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Tips for the Survey Design

This page collates a couple of tips to avoid problems regarding the measuring instrument. The list is not complete and there are exceptions to every rule - generally though, the following tips avoid effort, hassle and resentment during the data analysis.

Conceptual Design

Separate Research Questions from Survey Questions

The questions you ask in the questionnaire are called Survey Questions. The wording of these questions significantly impacts the quality of your questionnaire. The most common mistake is to word the survey questions in a way that closely resembles the research question (“To what extent was your consumption decision influenced by the advertising material presented earlier?”). Another common mistake is that the survey questions hardly relate to the research project. In both cases, the research questions have usually not been conceptually separated from the survey questions.

Systematically working from the research question through to the survey questions usually leads to (a) comprehensible questions, which (b) deliver the necessary data for the analysis.

  • The research question is the fundamental question of the research project.
    For example: How do various advertising media influence the consumption decision?
  • Usually, several hypotheses emerge from the research question.
    For example: What kind of advertising to customers and respectively non-customers notice? Was the campaign XY generally noticed by the target group? Does the TV commercial generate higher awareness than the print advertising?
  • A critical step is the transfer of hypotheses into constructs. Those are the variables you want to measure in your survey - variables that can be quantified. The constructs are critical with regards to (i) every construct needed to test the hypotheses must be measured (ii) you should limit your questions to these constructs.
    For example: age, gender, recall of campaign XY on TV, recall of the campaign on billboards, intention to buy, recall of the TV commercial.
  • From these constructs, the survey questions emerge. These questions must be phrased in a way that the participant understands them (no technical terms) and is able to answer them reliably with his or her knowledge. Some constructs can be measured with one question, others need lengthier scales.
    For example: How old are you? Have you seen the TV commercial for the new XYZ? Which of the following statements apply to you: I have thought about buying the new XYZ. …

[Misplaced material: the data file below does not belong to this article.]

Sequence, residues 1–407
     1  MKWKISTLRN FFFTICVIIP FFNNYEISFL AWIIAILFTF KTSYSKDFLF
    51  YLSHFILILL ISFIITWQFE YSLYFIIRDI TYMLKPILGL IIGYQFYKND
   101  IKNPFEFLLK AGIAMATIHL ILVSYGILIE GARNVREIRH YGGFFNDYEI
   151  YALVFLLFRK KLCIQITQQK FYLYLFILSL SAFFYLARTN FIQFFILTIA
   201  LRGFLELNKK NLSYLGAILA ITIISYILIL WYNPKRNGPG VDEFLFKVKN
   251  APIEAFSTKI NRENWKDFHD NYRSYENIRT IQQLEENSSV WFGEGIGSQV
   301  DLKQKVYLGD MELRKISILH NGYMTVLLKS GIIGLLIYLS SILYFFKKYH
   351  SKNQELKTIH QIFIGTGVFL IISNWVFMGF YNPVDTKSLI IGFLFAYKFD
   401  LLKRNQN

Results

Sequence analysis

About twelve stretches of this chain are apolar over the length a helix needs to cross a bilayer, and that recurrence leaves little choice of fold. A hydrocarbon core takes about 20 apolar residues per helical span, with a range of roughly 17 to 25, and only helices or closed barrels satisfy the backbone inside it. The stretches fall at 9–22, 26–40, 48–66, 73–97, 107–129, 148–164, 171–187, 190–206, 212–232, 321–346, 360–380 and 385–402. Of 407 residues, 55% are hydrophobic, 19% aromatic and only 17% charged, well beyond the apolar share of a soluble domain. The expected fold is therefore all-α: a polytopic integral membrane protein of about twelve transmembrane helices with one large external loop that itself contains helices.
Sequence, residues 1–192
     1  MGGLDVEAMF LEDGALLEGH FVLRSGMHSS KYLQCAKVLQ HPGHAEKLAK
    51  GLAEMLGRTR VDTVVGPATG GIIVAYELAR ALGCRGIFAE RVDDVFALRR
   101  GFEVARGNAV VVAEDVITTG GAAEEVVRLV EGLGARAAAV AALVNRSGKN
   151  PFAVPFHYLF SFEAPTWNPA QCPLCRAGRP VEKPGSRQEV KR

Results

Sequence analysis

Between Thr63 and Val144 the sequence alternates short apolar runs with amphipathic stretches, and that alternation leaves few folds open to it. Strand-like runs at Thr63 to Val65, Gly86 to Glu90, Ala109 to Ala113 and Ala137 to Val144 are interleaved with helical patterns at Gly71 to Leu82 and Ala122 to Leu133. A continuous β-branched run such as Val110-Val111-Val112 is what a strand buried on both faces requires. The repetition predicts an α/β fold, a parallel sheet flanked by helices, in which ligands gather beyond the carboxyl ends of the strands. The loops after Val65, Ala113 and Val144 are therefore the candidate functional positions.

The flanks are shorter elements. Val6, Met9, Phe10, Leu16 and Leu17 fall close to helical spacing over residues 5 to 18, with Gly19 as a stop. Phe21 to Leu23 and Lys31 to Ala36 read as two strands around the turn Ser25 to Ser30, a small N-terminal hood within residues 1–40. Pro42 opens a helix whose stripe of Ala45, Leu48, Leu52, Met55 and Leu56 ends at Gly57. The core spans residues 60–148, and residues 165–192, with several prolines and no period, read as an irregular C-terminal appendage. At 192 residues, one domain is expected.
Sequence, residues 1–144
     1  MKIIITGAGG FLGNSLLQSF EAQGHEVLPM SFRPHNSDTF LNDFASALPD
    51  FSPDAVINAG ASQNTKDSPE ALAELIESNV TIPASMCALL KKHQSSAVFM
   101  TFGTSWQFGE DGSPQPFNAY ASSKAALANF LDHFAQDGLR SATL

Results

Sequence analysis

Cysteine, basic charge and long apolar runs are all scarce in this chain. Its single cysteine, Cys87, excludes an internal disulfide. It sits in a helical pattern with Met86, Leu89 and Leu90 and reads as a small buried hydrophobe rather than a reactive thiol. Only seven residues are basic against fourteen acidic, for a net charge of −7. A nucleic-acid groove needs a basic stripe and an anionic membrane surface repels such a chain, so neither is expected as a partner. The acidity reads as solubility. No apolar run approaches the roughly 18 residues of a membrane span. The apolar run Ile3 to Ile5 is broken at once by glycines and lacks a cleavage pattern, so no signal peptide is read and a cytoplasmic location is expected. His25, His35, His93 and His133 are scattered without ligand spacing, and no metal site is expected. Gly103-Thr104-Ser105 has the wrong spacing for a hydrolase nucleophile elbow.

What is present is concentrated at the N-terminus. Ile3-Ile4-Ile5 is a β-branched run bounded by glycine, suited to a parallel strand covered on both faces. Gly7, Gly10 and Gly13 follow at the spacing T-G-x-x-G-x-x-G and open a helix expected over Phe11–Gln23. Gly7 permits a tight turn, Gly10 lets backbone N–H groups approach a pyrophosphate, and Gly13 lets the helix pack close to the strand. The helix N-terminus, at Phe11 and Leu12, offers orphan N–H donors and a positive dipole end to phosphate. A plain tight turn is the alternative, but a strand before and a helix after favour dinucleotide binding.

Tip: Make a note of your hypotheses and the corresponding constructs. You may be surprised what mantraps you have overlooked so far.

Conduct a Pretest

The validity of the questionnaire depends on two principles: the theoretical foundation and the comprehensibility. For the latter, there are loads of good tips in books. But no tool is as good at finding problems as a Pretest of the Questionnaire is.

Pretesters should not check spelling and grammar - this should be done prior to the pretest, otherwise problems with regard to content may not be detected.

Limited Completion Checks

In the ideal case, every participant answers all questions, and when asked for their age, you of course want participants to enter digits only. Such restrictions can be easily implemented in the online questionnaire.

The tip is: do not do it! There is usually a good reason for motivated participants to not answer a question, e.g. they cannot answer the question. Unmotivated participants usually drag down data quality anyway.

There are always people who just want to look at a questionnaire. If you force them to answer questions, they will enter something: usually junk data. However, in the data set you may not recognise this anymore - only the overall bad data quality. An empty data record on the other hand is easy to identify and delete.

Nevertheless, forcing an answer and allowing only defined characters are eligible when the responses are needed for filters or similar features.

Content and Form

Tidy Look of the Questionnaire

Not everybody has an intimate relationship with HTML. But simple formatting such as paragraphs and headings is very easy to program with a bit of HTML code (Texts in the Questionnaire). You should definitely use these: the welcome text on the first page is the business card of the questionnaire. If this page looks professional and contains a logo of the institute and/or the university (Images in the Questionnaire), people are more likely to complete the questionnaire.

SoSciSurvey offers loads of options to design the questionnaire. If you do not make use of these opportunities, a low response rate may be the result. Of course you also need to take care of the spelling and the display of the questions (Optimise the Display of Questions).

A brief checklist for a well-designed questionnaire (see also below Clear Crisp Welcome):